The discourse on the Baby Ampico brought out one thing -- these players
still reside primarily in the areas they were marketed. I have been a
professional restorer for 37 years, and have never worked on one of
these until just now. But I have received a half-dozen personal
responses from people, most of whom criticized me for my lack of
experience. I had to laugh.
What happened to my question? I wrote to see if anyone had a trick for
tuning it more easily. I wrote on behalf of the piano tuners who don't
normally see player pianos. Not one has a solution for me.
About 80% of my business is reproducing pianos, and of those, about
99.99% of them are grand pianos. I rarely work on upright reproducing
pianos. So when I get in an upright reproducer to rebuild, it is an
event around here. I suspect that owners often feel that their local
rebuilder can probably restore their uprights, but it takes a
specialist to restore their grand. But by keeping in mind that many
areas of the country have few, if any, player pianos at all, I think
I have done pretty well with those players that have been entrusted to
me. I have an ironclad guarantee of both workmanship and performance
of the instrument, and I put that on the front page of my website at
I do not fancy myself the chronicler of all the different models and
variations in instrumentation over the years. That is the venue of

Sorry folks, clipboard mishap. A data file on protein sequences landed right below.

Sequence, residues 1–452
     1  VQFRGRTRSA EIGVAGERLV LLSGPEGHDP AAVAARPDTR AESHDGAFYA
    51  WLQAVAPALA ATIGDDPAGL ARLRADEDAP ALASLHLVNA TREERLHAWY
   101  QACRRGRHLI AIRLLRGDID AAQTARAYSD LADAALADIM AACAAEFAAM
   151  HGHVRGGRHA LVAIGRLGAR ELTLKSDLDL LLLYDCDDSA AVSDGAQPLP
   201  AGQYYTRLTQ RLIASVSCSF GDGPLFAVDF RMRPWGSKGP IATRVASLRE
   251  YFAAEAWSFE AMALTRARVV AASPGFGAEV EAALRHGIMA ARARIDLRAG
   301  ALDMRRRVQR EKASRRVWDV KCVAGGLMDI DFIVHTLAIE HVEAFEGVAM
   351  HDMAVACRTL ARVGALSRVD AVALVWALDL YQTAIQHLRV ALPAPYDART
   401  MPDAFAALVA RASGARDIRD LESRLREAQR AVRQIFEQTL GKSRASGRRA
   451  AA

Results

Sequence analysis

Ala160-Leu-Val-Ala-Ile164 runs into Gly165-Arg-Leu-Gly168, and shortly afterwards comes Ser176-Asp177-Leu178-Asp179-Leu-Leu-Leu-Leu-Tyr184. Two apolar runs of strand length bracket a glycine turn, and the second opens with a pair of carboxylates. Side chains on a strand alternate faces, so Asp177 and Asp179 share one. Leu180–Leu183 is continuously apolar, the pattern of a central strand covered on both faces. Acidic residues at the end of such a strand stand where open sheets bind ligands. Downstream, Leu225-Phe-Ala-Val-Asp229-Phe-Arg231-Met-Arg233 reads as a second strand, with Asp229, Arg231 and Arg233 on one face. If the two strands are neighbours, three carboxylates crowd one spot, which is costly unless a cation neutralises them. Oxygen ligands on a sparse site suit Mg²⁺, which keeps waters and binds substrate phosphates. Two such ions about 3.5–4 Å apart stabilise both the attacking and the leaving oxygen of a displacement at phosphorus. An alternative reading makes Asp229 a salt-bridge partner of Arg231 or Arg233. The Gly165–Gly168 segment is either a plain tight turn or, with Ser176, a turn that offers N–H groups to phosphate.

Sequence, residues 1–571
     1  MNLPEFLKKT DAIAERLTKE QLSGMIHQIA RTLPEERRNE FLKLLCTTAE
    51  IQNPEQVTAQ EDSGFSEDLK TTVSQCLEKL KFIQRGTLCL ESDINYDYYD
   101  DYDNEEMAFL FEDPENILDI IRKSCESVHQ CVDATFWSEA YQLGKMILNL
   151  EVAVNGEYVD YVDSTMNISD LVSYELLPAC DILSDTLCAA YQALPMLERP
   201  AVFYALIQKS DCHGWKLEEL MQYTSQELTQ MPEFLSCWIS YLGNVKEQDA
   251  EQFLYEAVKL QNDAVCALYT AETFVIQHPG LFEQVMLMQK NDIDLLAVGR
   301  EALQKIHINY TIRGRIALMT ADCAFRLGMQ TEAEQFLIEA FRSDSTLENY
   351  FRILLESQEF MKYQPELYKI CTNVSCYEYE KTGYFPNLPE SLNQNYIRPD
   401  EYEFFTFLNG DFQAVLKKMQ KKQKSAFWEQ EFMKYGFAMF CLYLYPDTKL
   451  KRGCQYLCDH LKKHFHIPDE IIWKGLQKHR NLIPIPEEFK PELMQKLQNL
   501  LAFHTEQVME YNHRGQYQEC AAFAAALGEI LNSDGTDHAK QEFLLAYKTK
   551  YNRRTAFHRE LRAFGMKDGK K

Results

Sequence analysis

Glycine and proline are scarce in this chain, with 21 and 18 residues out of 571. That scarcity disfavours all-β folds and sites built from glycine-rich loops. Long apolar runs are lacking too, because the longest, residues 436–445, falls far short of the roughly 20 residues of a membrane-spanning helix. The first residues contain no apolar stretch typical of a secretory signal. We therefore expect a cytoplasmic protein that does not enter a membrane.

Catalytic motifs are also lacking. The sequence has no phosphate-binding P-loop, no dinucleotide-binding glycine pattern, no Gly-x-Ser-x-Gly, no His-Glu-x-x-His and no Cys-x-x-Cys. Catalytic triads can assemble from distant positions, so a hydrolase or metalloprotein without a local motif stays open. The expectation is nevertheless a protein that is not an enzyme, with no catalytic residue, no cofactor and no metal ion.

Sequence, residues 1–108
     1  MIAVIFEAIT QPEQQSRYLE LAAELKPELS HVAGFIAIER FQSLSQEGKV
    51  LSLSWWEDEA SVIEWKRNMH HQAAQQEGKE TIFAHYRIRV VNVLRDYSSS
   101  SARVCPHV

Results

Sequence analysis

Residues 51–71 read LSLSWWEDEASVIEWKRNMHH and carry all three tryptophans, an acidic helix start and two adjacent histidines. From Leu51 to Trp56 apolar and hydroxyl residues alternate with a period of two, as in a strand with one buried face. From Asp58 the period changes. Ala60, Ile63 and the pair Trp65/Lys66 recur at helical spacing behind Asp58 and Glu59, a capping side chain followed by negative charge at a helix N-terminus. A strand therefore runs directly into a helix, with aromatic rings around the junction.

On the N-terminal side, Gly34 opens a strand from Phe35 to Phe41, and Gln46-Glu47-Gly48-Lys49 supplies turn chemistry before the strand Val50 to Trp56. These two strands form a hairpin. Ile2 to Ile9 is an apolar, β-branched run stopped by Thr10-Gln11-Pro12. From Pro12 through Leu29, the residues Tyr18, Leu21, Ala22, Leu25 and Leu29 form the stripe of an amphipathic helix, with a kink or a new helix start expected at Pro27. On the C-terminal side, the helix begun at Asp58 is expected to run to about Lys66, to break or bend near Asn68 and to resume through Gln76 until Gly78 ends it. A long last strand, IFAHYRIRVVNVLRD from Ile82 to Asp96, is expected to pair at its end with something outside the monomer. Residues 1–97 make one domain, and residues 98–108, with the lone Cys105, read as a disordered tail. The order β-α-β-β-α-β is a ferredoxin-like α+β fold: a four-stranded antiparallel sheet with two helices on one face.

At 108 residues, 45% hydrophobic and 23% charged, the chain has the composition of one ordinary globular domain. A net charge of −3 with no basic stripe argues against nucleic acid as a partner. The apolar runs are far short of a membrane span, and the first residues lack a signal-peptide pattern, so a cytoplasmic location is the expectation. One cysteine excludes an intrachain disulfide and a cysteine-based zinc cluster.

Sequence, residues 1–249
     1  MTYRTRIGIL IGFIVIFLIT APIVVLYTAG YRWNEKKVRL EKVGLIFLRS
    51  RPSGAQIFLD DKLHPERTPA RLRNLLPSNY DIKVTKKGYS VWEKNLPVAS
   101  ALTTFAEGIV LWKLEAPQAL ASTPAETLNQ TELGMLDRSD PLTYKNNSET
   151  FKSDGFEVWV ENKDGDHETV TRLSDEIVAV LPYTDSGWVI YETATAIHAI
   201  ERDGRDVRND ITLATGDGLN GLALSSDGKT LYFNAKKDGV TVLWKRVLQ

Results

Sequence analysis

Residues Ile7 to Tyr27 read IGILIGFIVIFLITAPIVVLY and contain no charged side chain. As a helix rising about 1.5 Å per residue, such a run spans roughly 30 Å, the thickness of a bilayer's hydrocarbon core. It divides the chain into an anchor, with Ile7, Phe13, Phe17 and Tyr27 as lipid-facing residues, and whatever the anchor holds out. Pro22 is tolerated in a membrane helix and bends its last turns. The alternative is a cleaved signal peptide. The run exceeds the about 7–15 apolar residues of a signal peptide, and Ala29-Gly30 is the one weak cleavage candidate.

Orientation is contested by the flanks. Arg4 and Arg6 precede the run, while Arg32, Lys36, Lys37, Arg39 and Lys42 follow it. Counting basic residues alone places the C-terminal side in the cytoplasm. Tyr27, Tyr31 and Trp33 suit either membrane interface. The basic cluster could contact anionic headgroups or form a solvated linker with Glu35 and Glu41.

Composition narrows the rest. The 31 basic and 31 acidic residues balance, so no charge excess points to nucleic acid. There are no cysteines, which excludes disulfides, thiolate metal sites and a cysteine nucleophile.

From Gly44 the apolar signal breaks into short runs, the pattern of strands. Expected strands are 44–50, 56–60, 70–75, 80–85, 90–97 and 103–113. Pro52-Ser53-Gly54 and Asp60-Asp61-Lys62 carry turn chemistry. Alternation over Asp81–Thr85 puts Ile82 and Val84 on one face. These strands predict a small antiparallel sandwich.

authors like Art Reblitz. I appreciate knowing about it, though.
It's very educational. But, what happened to my question?
I have much to learn, and I appreciate all those who took the time to
point that out. However, the question was, "Does anyone know a better
way to tune one of these beasts?" So thanks to all who took the time to
write anything they knew about the Baby Ampico studio upright, and how
many of them were made, etc. I even learned who designed it! But
unfortunately, nobody could tell me a better way to tune it. (I ask
again: What happened to my question?)
[ I notice this tendency when I edit MMD. Much interesting information
[ is offered by MMD authors but the original question goes unanswered.
[ If the owners have their tiny Baby Ampico and Top Loader Ampico pianos
[ tuned regularly, surely they know the procedure that the poor piano
[ tuner uses! -- Robbie
Bruce Clark confirmed it about as well as anybody. I read his
explanation of how he tunes his own and suspected as much the minute
I saw it. So when somebody tells me now, "It's like falling off a log.
It tunes just like any other piano," I know differently, thanks to Bruce
I didn't figure anybody would have a solution to the problem. That's
why I went ahead and took care of it. My modification changes nothing
at all that's basic to the player. No "modifications." It's just
that I don't need clamps and a retubing instruction schematic and
tuning instructions, a warning, et. al. for the poor tuner who has to
maintain it. The design adds 12 small #6 screw holes to the original
design, 8 of which are in the ends of the stack anyway, and completely
invisible and not connected to the air path. Remove the radius rods
they support, and there has been no change at all to the player.
So for what it's worth, rebuilder and owners alike, you now have a good
solution to the problem of how to service these players easily and
without any large C clamps. No longer will a tuner have to go diving
after tubing that fell off, or wonder how he's going to get his damping
felt behind the tray.
I am surprised that the rebuilders who see dozens of them ever year
have never thought of it. Common as peanuts. Funny that it takes
somebody from Missouri who has only seen one for the first time in his
life to come to the rescue. As soon as I have time then, I will sketch
out a little drawing so anybody now can do it. Even you Bostonians!
If Robbie wishes to put it up on the MMD web site then, he's welcome.